investment objectives, whereby a portfolio manager could favor one account over another. Another potential conflict could include the portfolio managers’ knowledge about the size, timing, and possible market impact of Fund trades, whereby a portfolio manager could use this information to the advantage of other accounts and to the disadvantage of the Funds. However, the Advisors and the Sub-Advisor have established policies and procedures to ensure that the purchase and sale of securities among all accounts it manages are fairly and equitably allocated. The Advisors’ and Sub-Advisor’s trade allocation policy is to aggregate client transactions, including the Funds’, where possible when it is believed that such aggregation may facilitate the Advisors’ and/or Sub-Advisor’s, as appropriate, duty of best execution. Client accounts for which orders are aggregated receive the average price of such transaction. Any transaction costs incurred in the transaction are shared pro-rata based on each client’s participation in the transaction. The Advisors and the Sub-Advisor, as appropriate, generally allocate securities among client accounts according to each account’s pre-determined participation in the transaction. The Advisors’ and Sub-Advisor’s policy prohibits any allocation of trades that would favor any proprietary accounts, affiliated accounts, or any particular client(s) or group of clients more over any other account(s). The Advisors and the Sub-Advisor prohibit late trading, frequent trading and/or market timing in the Funds and monitors trades daily to ensure this policy is not violated. In managing the Funds’ portfolios, the Advisors have an incentive not to incur borrowing expenses, engage in short sales, or incur certain other investment related costs because the Advisor will bear those costs under the terms of the expense limitation agreement.

 

Portfolio Managers

 

Westwood Salient MLP & Energy Infrastructure Fund. The Fund is team managed by Gregory A. Reid, President – Real Assets at Westwood, Frank T. Gardner III, CFA (Ted Gardner), Senior Vice President and Portfolio Manager at Westwood, and Parag Sanghani, CFA, Senior Vice President and Portfolio Manager at Westwood.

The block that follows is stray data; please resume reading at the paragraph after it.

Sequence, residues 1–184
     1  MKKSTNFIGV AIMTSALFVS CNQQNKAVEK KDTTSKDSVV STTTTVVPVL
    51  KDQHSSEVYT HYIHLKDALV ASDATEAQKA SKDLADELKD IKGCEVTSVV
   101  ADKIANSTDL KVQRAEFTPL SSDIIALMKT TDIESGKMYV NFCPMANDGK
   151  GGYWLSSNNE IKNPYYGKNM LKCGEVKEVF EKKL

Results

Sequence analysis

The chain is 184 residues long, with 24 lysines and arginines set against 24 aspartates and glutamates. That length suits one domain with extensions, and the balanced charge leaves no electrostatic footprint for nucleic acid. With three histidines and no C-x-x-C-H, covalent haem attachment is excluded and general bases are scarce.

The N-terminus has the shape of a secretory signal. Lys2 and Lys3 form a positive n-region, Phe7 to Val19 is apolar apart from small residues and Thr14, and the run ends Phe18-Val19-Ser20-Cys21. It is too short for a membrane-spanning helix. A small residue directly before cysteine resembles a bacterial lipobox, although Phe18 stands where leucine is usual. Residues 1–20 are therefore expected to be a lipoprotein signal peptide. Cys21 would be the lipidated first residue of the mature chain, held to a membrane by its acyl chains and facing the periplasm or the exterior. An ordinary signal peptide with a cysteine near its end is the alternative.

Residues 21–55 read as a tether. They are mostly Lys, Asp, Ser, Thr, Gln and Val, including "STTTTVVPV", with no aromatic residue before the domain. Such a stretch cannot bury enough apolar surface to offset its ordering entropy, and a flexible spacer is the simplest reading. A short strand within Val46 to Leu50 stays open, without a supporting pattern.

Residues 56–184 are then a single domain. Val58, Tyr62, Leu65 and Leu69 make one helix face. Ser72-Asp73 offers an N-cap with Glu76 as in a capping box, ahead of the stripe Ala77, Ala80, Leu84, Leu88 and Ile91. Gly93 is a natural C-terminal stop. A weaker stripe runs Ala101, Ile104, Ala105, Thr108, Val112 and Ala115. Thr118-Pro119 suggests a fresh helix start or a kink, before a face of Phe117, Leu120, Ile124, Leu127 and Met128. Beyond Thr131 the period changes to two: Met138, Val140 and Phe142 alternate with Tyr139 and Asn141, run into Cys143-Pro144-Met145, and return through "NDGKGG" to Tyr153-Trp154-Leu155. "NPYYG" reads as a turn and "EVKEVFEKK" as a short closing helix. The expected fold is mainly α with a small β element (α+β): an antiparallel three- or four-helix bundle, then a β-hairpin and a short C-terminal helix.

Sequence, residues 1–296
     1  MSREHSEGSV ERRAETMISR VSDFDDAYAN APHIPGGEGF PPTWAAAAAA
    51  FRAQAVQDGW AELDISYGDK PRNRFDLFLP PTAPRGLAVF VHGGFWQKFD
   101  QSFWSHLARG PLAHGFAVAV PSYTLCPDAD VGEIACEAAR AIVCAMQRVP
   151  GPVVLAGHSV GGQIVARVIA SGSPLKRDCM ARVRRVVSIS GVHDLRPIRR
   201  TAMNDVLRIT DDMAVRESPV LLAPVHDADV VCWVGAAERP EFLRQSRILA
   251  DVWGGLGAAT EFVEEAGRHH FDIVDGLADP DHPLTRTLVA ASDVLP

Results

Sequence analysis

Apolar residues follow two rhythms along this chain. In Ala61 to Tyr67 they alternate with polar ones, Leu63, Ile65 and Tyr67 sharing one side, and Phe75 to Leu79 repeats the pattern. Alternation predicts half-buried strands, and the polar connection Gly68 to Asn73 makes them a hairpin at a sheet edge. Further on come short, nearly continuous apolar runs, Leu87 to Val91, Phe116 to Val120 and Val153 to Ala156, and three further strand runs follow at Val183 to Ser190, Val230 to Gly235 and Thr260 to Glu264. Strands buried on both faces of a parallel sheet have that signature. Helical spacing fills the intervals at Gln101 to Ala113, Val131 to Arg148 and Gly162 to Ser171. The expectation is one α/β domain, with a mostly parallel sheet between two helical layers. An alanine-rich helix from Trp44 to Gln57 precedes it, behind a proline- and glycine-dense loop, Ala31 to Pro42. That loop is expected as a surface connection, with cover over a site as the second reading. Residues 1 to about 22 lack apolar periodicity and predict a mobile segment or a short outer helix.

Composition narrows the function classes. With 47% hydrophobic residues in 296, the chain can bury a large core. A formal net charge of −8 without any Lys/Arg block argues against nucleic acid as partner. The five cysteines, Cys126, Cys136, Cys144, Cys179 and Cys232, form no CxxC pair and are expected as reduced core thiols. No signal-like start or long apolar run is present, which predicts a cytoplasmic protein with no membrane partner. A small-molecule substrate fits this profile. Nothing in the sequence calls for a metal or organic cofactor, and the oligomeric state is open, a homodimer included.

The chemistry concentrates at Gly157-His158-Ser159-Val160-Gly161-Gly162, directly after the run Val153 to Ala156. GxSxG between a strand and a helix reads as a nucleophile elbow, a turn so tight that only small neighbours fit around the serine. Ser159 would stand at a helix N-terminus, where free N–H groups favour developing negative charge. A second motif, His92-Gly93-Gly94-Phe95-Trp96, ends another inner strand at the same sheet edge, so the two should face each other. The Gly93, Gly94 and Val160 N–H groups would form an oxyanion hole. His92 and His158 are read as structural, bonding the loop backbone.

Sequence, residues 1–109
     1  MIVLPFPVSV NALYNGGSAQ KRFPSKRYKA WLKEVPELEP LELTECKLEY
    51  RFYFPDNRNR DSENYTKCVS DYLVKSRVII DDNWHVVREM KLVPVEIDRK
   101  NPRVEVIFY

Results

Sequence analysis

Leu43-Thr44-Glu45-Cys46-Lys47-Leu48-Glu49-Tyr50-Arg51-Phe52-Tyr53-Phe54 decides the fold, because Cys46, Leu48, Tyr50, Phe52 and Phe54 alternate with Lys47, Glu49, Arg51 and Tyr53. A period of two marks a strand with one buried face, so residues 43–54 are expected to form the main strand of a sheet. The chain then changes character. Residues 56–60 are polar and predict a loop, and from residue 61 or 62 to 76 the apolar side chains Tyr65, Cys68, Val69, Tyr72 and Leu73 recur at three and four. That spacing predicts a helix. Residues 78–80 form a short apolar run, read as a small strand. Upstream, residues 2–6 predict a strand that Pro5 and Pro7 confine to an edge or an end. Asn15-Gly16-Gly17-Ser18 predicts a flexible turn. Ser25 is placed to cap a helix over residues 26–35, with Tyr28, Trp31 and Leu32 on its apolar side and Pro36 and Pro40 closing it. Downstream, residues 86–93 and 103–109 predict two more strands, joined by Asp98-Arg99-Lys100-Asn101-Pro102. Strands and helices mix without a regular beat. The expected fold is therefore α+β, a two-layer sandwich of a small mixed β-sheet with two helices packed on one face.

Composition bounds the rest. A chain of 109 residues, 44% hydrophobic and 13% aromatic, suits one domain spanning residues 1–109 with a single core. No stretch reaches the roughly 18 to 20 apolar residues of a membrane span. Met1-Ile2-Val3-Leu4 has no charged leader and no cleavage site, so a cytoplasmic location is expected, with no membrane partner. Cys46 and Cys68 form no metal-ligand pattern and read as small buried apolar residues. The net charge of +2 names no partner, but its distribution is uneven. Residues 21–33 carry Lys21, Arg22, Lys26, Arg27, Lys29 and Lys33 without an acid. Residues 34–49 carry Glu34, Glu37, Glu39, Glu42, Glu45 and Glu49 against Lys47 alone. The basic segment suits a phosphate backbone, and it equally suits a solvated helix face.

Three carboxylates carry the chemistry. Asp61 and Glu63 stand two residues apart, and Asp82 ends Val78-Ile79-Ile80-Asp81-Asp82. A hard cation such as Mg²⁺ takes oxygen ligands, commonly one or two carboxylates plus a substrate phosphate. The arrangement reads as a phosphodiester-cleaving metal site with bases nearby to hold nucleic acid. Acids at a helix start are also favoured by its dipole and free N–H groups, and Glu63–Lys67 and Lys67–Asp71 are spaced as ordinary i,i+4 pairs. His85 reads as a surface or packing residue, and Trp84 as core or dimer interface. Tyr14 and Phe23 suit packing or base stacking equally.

Westwood Salient Global Real Estate Fund and Westwood Salient Select Income Fund. The Funds are managed by John D. Palmer, Senior Vice President and Portfolio Manager at Westwood.

 

Westwood Broadmark Tactical Growth Fund. The Fund is sub-advised by Broadmark. The Fund is team managed by Christopher J. Guptill, Chief Investment Officer and Co-Chief Executive Officer of Broadmark, Ricardo Cortez, Richard Damico, and J. Dyer Kennedy.

 

Westwood Broadmark Tactical Plus Fund. The Fund is sub-advised by Broadmark. The Fund is team managed by Christopher J. Guptill, Chief Investment Officer and Co-Chief Executive Officer of Broadmark, Ricardo Cortez, Richard Damico, and J. Dyer Kennedy.

 

Compensation

 

Westwood compensates Mr. Reid, Mr. Gardner, Mr. Sanghani and Mr. Palmer for their management of the Westwood Salient Global Real Estate Fund, Westwood Salient Select Income Fund and Westwood Salient MLP & Energy Infrastructure Fund, as applicable.  Each of these portfolio managers has entered into an employment agreement with Westwood that provides for a minimum base salary, participation in an incentive compensation plan and a full benefits package. Base salary levels are maintained at levels that Westwood’s compensation committee deems to be commensurate with similar companies in the asset management industry based on industry compensation surveys. Incentive compensation is based on a percentage of revenue earned by Westwood on investment strategies managed by the portfolio managers. Incentive awards under the plan may be paid in a combination of cash, deferred cash and/or Westwood restricted stock. In determining incentive compensation and annual merit-based salary increases, employees on the investment team are evaluated according to a combination of quantitative and qualitative factors. Other benefits, such as profit sharing, health insurance, life insurance, short- and long-term disability insurance, and a 401(k) plan with employer matching, are also available.